Open source innovation on the cutting edge

Think open source doesn’t innovate? Here are seven projects exploring exciting new directions in computing -- for free

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Open source innovation: Bitcoin
Alternative currencies for e-commerce have been attempted many times, but never one quite like Bitcoin. Its creator, Satoshi Nakamoto, has dubbed it a "cryptocurrency," because it relies on public/private key cryptography to facilitate electronic trading in a completely anonymous, secure, peer-to-peer fashion.

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Unlike past attempts at digital currency, there are no dedicated servers managing Bitcoin transactions and no central authority. All of the "banking" functions are distributed across individual nodes on the Bitcoin peer-to-peer network.

That presents an obvious problem. How to control inflation when there's no one to manage the supply of currency? The answer is that Bitcoin is backed by a kind of digital "gold standard." Bitcoins are created only when a user contributes something of material value: specifically, CPU cycles, which are used to solve calculations for grid computing projects. The more cycles you contribute, the fatter your Bitcoin wallet grows -- though there are throttles in place to prevent users with fast processors from generating wealth too quickly.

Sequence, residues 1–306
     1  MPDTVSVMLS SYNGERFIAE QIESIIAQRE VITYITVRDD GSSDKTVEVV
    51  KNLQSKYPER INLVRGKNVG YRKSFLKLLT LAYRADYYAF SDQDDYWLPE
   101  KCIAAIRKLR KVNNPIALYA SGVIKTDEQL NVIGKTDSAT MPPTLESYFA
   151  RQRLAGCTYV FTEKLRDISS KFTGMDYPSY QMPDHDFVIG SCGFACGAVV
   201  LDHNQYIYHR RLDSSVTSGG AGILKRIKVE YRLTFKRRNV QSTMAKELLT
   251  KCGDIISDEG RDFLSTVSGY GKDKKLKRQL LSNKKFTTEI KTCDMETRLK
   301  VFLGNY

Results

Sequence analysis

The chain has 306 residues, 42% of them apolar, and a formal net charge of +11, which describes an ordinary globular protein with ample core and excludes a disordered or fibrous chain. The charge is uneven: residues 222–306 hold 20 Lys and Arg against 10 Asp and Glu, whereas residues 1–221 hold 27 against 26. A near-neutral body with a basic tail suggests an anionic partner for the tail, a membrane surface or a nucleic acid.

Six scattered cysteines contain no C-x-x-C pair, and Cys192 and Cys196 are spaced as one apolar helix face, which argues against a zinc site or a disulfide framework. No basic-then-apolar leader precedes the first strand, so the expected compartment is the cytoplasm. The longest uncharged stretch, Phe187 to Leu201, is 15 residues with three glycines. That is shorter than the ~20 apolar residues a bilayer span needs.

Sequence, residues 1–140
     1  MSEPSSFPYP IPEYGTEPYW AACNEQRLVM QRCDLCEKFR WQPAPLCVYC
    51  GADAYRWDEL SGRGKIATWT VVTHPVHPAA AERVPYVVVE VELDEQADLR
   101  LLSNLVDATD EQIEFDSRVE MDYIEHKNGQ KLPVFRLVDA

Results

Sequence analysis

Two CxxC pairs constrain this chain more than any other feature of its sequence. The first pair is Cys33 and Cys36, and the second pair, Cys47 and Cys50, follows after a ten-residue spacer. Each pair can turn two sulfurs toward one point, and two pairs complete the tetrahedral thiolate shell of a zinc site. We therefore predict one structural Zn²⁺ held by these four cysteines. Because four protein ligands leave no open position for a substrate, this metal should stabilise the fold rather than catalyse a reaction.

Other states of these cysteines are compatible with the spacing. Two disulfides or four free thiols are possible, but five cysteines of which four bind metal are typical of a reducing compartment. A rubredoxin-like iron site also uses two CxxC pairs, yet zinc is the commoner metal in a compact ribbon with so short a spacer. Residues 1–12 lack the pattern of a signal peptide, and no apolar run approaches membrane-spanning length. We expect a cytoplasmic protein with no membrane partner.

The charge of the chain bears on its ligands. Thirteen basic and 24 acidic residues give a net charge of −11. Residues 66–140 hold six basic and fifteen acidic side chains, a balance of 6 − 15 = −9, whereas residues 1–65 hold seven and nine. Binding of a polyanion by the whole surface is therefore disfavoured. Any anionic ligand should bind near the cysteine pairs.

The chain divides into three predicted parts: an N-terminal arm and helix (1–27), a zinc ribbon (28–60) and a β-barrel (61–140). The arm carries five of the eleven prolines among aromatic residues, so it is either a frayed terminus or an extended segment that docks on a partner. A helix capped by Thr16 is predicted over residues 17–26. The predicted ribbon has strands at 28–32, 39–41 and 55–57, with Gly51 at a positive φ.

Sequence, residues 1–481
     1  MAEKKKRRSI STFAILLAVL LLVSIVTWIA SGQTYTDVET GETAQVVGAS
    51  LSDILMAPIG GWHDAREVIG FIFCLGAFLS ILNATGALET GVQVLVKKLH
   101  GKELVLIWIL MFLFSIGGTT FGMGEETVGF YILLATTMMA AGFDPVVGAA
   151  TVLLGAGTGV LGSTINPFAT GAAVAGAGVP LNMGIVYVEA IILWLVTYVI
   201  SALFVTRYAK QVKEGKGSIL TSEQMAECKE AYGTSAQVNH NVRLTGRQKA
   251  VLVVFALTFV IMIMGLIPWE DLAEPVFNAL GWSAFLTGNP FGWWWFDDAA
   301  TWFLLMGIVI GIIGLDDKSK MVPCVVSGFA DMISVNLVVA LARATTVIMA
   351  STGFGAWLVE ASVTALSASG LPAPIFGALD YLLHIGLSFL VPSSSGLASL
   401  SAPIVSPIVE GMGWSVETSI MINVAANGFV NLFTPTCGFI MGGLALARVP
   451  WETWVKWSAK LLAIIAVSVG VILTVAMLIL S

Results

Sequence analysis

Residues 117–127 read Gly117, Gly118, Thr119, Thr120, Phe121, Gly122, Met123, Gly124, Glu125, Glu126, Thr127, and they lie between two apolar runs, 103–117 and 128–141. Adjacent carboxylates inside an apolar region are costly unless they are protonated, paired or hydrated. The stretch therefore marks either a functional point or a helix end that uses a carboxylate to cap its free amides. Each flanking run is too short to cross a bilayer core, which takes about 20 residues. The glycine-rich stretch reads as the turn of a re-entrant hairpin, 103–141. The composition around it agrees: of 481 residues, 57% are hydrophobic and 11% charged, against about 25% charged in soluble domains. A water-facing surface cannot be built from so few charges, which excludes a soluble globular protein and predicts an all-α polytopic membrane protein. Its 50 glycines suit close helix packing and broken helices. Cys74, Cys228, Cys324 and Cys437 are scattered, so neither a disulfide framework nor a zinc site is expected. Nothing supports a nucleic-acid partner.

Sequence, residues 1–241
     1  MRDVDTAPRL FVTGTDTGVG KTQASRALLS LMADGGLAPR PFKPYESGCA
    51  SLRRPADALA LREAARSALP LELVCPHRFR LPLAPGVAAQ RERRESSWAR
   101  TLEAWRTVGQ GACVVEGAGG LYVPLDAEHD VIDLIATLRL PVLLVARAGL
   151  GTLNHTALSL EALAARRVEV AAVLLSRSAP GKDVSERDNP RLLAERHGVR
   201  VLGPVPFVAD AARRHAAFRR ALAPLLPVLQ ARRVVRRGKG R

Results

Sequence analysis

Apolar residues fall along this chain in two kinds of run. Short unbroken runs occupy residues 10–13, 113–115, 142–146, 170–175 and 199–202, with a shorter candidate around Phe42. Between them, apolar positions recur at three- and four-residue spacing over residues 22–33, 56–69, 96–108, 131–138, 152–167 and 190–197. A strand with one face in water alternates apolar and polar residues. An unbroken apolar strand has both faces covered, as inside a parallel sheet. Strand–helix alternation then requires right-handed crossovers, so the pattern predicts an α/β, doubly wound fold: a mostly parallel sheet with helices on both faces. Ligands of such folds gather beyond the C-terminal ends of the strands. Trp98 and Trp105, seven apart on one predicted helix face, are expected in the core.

By far the most efficient way to accumulate Bitcoins, however, is to exchange them with other users for goods and services, which might be anything from virtual items in an online game to a real-life used car. The advantage over existing payment systems is that because Bitcoin is distributed and decentralized, no one can veto your trades and there's no middleman to skim transaction fees. Users don't even need to disclose their real-life identities to complete Bitcoin transactions. In that sense, it's not just the Bitcoin software that's open source -- so is the currency.

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